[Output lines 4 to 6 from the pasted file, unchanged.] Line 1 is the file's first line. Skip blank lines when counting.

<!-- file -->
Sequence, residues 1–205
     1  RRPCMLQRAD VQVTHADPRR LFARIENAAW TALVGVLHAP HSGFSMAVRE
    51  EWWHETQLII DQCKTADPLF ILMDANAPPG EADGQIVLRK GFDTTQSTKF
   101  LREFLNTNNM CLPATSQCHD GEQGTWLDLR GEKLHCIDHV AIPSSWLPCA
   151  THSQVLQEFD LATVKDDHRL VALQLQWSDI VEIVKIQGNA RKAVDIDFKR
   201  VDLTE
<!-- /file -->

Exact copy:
   101  LREFLNTNNM CLPATSQCHD GEQGTWLDLR GEKLHCIDHV AIPSSWLPCA
   151  THSQVLQEFD LATVKDDHRL VALQLQWSDI VEIVKIQGNA RKAVDIDFKR
   201  VDLTE